Local woman remembers cold case
When Stanstead’s Pat Jory heard from her sister that the RCMP was re-opening the over fifty year-old case of little Edna Bette-Jean Masters who went missing at 21 months of age while playing outside of a friend’s home in the Kamloops area of British Colombia, she probably got shivers down her spine.
“We knew the family and had visited the baby after she was born,” said Mrs. Jory in an interview. “She had been playing when the other kids went inside to get koolaid. She was left alone for just a few minutes. The police came out with a blood hound but it stopped sniffing at the end of the lane. Then volunteers came from all around and people walked hand-to-hand, a mile wide. They thought they would at least find her shoes because they used to fall off easily,” added Mrs. Jory who was only twenty years old at the time with a few young children of her own. “I was so scared for my children after that we would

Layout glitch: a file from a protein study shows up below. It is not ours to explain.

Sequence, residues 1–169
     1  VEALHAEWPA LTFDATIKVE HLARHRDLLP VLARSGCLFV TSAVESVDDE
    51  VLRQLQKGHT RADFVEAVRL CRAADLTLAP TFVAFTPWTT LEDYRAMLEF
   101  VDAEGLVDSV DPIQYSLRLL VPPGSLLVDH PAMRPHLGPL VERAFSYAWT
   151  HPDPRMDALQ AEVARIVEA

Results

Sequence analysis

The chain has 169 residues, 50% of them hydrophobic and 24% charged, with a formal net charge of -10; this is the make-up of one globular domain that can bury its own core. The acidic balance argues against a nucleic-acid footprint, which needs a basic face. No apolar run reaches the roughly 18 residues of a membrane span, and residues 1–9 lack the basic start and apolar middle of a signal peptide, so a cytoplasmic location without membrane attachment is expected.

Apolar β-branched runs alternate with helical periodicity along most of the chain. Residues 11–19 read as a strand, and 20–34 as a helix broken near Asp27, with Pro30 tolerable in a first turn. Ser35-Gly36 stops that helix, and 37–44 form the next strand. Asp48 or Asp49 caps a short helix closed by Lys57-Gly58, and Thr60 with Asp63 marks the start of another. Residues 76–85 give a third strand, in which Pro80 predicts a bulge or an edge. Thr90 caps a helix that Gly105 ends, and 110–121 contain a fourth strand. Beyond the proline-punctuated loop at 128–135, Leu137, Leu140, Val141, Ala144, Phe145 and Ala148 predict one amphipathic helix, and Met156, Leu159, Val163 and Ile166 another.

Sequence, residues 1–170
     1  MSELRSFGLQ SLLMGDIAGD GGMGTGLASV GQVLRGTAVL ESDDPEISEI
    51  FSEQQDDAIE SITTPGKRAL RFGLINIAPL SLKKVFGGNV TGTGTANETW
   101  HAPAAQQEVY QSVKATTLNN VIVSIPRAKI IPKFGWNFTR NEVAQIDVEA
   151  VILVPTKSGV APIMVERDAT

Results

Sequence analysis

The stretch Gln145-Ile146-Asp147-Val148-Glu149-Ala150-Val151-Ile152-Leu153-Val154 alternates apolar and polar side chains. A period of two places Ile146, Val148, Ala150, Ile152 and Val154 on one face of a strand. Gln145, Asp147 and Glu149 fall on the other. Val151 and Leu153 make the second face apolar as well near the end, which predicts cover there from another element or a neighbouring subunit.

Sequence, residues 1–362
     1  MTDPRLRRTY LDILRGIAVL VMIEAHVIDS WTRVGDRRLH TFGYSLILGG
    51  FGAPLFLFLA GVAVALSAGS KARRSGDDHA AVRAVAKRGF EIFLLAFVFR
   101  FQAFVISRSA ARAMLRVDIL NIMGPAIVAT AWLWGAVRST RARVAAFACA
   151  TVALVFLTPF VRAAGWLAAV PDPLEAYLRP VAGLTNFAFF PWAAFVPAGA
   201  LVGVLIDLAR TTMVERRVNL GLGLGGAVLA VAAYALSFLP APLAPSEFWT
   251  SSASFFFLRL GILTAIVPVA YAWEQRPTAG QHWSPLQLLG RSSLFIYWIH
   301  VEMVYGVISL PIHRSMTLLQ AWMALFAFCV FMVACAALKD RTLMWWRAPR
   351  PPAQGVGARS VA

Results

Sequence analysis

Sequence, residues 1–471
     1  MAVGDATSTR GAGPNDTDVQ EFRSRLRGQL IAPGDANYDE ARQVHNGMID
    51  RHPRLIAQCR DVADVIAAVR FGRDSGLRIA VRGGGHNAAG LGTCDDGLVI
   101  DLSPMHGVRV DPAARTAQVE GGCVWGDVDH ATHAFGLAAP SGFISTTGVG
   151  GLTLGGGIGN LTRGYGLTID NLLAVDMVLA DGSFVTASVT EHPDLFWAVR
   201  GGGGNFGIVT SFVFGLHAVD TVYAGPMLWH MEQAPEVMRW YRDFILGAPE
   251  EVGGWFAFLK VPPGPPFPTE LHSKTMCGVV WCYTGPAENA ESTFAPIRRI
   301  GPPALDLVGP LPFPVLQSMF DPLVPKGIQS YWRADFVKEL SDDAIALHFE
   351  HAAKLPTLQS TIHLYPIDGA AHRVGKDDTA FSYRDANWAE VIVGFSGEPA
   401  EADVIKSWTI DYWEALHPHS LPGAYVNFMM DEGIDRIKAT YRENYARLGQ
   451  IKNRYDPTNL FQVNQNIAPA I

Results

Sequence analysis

always have a fence around our property.”
The police have decided to re-open the cold case of Edna Masters, who went missing without a trace on July 3rd, 1960, now that they can use new technology such as DNA examination and computer software that can age the faces of young children, showing what they would look like as adults.
“That story always intrigued me. And you never know where someone can end up,” said Mrs. Jory, explaining why she brought the story to the attention of the newspaper. “Look at me, I ended up out here all the way from British Colombia.”